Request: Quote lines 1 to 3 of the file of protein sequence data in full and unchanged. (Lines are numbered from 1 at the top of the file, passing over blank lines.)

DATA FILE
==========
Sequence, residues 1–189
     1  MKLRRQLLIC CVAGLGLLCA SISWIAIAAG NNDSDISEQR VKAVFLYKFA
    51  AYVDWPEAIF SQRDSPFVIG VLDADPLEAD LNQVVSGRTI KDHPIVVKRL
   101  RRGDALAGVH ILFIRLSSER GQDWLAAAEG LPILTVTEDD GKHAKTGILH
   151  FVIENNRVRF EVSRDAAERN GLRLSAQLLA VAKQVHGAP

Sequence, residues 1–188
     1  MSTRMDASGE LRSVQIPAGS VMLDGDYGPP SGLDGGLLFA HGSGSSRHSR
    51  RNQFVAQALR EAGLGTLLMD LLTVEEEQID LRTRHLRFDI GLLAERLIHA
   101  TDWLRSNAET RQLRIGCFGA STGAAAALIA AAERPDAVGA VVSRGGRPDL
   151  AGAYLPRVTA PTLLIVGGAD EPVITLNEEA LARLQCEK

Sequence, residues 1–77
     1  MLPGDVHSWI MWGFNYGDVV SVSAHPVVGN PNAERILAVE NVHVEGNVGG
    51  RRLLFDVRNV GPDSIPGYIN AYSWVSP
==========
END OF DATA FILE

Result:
Sequence, residues 1–189
     1  MKLRRQLLIC CVAGLGLLCA SISWIAIAAG NNDSDISEQR VKAVFLYKFA
    51  AYVDWPEAIF SQRDSPFVIG VLDADPLEAD LNQVVSGRTI KDHPIVVKRL